I.M Pei, the internationally celebrated architect whose work spanned seven decades, died May 16 in New York. He was 102.
Inducted into the Interior Design Hall of Fame in 2017, Pei was a modernist whose striking works included notable cultural institutions and civic buildings: the pyramid at the entrance to the Louvre in Paris (1989); the East Building of the National Gallery in Washington, DC (1978); the Bank of China Tower in Hong Kong (1989); the National Center for Atmospheric Research in Boulder, CO (1966); the Rock and Roll Hall of Fame and Museum in Cleveland (1995); and the Museum of Islamic Art in Doha, Qatar (2008). His firm, I.M. Pei & Partners, also designed the Javits Center in New York (1979-1986), known for its soaring Crystal Palace.
Pei founded the firm, now known as Pei Cobb Freed & Partners, in 1955 with Henry N. Cobb and Eason H. Leonard, providing vigorous leadership for 35 years, until his retirement in 1990. Born in Guangzhou, China, in 1917, Ieoh Ming Pei came to the United States at the age of 17 to study architecture. He received a bachelor’s degree from MIT in 1940 and a master’s degree from the Harvard Graduate School of Design in 1946, where he served as an assistant professor until 1948. He holds honorary doctorates from Harvard, Columbia, and Brown, among other universities and abroad, and his numerous contributions to the profession have been recognized with the Pritzker Architecture Prize, the AIA Gold Medal, and the Royal Gold Medal of the Royal Institute of British Architects, among many other honors.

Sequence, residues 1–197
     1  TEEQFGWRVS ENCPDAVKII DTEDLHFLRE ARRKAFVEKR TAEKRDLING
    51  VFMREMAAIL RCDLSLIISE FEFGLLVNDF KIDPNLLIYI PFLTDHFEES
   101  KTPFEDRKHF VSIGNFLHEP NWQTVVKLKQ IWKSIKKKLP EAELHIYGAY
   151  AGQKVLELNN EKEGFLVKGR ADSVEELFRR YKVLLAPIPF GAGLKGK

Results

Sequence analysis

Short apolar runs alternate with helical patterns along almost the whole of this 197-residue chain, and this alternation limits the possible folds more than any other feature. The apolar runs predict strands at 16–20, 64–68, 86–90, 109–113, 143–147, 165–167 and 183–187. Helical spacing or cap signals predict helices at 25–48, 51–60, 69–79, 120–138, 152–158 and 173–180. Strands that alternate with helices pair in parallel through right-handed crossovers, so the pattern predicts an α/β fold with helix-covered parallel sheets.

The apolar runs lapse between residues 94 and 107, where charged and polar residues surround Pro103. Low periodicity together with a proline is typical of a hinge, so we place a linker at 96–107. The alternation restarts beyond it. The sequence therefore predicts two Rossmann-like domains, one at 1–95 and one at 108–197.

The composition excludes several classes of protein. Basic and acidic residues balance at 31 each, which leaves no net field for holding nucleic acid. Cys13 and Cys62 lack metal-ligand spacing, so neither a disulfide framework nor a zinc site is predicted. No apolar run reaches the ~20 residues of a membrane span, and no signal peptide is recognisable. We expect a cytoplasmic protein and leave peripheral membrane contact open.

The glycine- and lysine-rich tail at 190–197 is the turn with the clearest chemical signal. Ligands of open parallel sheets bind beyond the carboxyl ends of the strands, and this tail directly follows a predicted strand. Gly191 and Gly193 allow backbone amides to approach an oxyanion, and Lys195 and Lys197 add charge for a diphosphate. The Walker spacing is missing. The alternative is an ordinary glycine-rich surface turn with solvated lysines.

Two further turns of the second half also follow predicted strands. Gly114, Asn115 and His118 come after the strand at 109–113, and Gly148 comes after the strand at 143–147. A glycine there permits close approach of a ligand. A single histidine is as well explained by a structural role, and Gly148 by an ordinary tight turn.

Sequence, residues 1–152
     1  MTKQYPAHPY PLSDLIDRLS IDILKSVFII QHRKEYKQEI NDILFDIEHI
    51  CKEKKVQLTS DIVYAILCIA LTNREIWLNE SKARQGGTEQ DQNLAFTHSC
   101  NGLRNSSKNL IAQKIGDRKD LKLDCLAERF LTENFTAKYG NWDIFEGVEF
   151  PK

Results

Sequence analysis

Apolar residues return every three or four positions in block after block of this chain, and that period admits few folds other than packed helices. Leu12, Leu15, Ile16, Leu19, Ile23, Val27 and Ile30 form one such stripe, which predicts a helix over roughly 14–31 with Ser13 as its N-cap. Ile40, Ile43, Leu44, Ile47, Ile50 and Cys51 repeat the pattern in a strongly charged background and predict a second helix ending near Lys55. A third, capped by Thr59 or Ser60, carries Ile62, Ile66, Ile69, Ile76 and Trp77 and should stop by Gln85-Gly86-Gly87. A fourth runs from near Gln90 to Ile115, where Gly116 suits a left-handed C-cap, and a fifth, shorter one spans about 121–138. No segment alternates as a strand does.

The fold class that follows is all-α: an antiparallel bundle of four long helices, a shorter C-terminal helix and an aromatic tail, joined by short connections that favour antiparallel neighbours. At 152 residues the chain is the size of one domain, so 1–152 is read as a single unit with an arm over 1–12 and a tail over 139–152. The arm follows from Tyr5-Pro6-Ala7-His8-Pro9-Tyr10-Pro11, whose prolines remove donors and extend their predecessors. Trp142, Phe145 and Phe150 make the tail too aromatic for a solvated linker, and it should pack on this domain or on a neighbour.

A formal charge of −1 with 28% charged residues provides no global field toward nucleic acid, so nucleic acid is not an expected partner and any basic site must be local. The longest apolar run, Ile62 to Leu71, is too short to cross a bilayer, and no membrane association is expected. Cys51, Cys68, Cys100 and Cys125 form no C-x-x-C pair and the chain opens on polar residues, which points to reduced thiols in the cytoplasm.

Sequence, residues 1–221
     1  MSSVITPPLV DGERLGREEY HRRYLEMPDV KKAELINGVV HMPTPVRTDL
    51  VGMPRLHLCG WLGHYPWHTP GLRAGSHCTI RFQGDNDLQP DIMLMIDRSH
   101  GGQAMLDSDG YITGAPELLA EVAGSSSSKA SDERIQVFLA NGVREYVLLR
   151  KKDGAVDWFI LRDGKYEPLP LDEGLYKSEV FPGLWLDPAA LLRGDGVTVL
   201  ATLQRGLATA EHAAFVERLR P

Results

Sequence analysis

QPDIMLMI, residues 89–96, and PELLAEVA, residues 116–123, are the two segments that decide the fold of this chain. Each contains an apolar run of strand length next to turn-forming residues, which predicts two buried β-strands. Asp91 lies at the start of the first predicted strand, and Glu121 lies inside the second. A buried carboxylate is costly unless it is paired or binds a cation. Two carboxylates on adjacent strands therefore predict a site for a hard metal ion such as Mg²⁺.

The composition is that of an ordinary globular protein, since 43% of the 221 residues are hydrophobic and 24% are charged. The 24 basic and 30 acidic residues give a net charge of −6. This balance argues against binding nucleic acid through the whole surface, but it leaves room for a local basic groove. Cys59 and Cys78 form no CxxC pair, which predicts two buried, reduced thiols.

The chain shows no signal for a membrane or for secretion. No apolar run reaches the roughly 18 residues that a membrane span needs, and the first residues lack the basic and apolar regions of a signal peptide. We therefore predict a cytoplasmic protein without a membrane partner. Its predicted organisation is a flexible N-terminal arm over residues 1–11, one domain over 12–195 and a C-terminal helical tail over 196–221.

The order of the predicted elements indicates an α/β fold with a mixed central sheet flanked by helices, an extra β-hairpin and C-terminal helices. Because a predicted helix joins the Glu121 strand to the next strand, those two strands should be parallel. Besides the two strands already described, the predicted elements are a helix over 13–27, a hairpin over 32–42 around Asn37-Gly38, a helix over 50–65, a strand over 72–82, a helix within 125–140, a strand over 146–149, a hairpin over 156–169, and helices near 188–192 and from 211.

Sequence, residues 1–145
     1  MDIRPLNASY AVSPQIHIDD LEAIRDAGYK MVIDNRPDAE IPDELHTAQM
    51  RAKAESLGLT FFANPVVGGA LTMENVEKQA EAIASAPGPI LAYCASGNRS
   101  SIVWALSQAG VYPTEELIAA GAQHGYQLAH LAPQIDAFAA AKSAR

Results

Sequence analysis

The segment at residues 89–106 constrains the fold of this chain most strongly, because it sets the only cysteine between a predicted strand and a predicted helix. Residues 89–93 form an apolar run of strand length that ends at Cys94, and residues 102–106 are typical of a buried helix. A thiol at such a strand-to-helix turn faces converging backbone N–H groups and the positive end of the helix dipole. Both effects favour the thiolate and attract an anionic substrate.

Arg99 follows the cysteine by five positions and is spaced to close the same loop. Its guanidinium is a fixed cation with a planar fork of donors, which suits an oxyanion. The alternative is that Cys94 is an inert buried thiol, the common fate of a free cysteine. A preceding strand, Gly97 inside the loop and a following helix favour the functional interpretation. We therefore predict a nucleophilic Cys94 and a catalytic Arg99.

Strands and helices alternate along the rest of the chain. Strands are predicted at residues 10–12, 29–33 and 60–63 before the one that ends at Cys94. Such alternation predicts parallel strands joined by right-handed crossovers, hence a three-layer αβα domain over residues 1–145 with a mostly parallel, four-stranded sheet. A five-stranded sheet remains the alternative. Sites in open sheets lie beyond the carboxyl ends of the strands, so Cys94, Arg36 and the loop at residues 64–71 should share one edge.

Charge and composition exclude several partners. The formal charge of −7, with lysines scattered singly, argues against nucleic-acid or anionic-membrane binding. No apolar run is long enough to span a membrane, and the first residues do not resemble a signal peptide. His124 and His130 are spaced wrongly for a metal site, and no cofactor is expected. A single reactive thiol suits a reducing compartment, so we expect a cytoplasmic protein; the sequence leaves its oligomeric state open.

Upon his induction into the Interior Design Hall of Fame at the age of 100, Editor in Chief Cindy Allen asked The New York Times architecture critic Paul Goldberger to reflect on Pei's work. Interior Design also created a documentary on the architect's life and work. Watch it below.